Islamic Cairo is the historic heart of the city, dating back to an era prior to the architectural complex of Downtown which occupies the center of the modern part, or rather the current extension that stretches north, south and west towards the pyramids of Giza. When the Fatimid dynasty conquered Egypt in 969 BC. C., this had a new capital built north of the already existing city as a center for the administrative functions of the caliphate.
This new city, called Al Qahira (the Subjugator), gave the modern part its name. Fustat, the original Islamic city in Egypt, was later destroyed by fire in 1168, started to prevent the conquest of Cairo by the Crusader armies.
Although it is no longer the physical center of the city, Islamic Cairo remains a living memory of its past.
Most of the ancient walls have collapsed, but hundreds of monuments and magnificent mosques still remain along the city's historic thoroughfares.
The uniqueness of Islamic Cairo as a historic district is also given by the great vitality that distinguishes it. Although Al Qahira was rapidly urbanized with palaces and administrative buildings in the early days of its planning, the population of the city moved within the walls during the 12th century, and it has not been abandoned since. Despite its dilapidated style and rather dated buildings, Islamic Cairo remains one of the most populated areas of Cairo, and its monumental backdrop intertwines with the daily life traffic of millions of Egyptians.
Visiting Islamic Cairo can be daunting. It is a fairly large area, which includes the ancient Fatimid city and the southern quarters next to the Citadel of Saladin and the mosque of Ibn Tulun. Literally hundreds of nooks and crannies of various sizes and importance can be found in these narrow lanes. Furthermore, the fact that it is still a fairly busy commercial area represents another aspect of this challenge.
The greatest concentration of monumental sites in Islamic Cairo is found in Sharia al Mu'izz Al Deen, which runs between Bab Al-Futuh and Bab Zuweila, the entrance to the original Fatimid city. This road was the main thoroughfare of the city and many of the Fatimid and Mamluk buildings were built here. This street also gave its name to Naguib Mahfouz's novel 'Palace Walk'. The northern part (between Bab el Futuh and Khan el Khalili) has been recently restored. This is one of the most suggestive areas of the city. The Qalawun complex is by far one of the most spectacular buildings in the city. It would be easy to spend a day there to spend the evening in the world famous 14th century souk, Khan el Khalili.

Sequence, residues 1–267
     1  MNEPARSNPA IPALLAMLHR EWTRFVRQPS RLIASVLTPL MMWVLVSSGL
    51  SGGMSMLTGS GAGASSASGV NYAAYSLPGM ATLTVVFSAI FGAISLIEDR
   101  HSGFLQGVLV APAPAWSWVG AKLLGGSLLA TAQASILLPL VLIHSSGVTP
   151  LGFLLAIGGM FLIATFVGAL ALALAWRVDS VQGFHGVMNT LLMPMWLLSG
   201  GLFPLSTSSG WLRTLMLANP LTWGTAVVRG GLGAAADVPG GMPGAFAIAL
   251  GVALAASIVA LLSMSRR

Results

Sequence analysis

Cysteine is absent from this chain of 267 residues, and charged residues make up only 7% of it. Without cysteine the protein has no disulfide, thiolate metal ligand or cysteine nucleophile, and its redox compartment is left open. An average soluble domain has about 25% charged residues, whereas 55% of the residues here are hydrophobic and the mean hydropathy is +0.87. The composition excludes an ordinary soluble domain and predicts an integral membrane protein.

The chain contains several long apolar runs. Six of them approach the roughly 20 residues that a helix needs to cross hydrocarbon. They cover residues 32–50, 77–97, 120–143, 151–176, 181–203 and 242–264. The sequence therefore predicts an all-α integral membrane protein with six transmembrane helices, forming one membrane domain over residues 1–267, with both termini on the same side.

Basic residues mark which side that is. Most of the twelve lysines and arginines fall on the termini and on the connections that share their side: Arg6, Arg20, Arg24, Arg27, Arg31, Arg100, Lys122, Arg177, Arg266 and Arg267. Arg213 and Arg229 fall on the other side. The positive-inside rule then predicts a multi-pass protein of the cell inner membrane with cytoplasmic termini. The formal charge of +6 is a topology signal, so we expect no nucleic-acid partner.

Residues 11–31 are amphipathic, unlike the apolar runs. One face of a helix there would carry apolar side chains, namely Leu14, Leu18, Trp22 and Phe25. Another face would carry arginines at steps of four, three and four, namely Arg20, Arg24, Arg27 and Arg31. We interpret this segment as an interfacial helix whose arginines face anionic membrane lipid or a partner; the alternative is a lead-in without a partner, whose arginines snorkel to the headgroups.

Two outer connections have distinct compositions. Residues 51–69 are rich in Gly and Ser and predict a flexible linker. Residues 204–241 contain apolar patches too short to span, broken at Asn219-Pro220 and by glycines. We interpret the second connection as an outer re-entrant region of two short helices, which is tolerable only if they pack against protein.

Restoration works on the northern side of the road (from the Al Ghouria complex towards Bab Zuweila) began in 2011. In the vicinity of Khan el Khalili there is also the famous Al Azhar mosque, built by the Fatimids in 972 BC; its structure is included in the grounds of one of the oldest universities in the world, which still represents an influential institution in Islamic thought.
The southern area of Islamic Cairo offers some of the most impressive and impressive monuments in the city. The construction of the Cairo Citadel began under the aegis of the Ayyubid general Saladin (Salah Al Deen) in the 12th century as a local government seat, and maintained this function until the 19th century, when it was moved to the Abdeen Palace in Downtown. Today the Citadel offers a breathtaking view of the city and houses various museums dedicated to the Egyptian police and army.
Inside there are also three important mosques. The oldest, the Al Nasir Muhammed mosque, was built in the Mamluk style in 1335; the Suleyman Pasha mosque, built in 1528 after Egypt fell under the control of the Ottoman Empire; the Ali Alabaster mosque, a notable addition named after the man considered the father of modern Egypt.
Below the Citadel is the majestic Sultan Hassan mosque, built in the 14th century by the homonymous sultan. This impressive structure was built as a madrasa (religious school) and bears some of the most impressive architectural decoration ever seen in a mosque. The same has suffered some damage over time also because its proximity to the Citadel led it to fulfill the function of a military fortress in times of political unrest.
The Ibn Tulun mosque is located at an equivalent distance between the Citadel and the Sultan Hassan mosque. Built in 872 AD, this is one of the oldest mosques as well as the most significant in size. Its imposing structure exhibits the characteristic architectural style of Samarra due to its construction in the Abbasid era, when the rulers of Egypt came from Iraq. Although not among the most popular tourist destinations, the unique style of its internal courtyard is well worth a visit. Additionally, within the walls is the Gayer Anderson Museum, a 12th-century mansion expertly restored by a British colonial officer during the 1930s. Its proximity to the Citadel,
Al Azhar Park is a recent element of Islamic Cairo. For centuries, Cairenes have thrown their rubbish beyond the walls and the result was a massive mountain of rubbish that towered over the city. In the 1990s, the Egyptian government launched a recovery plan for the area and converted it into a splendid green space. Today Al Azhar is a 74-acre park, in a city woefully lacking in green spaces.
This beautiful aerial offers a spectacular view of the city from its lawns, gardens and ponds. There are also cafes and beautiful restaurants. Viewing the sunset from this park hearing the echo of prayer from thousands of minarets is a memorable experience.
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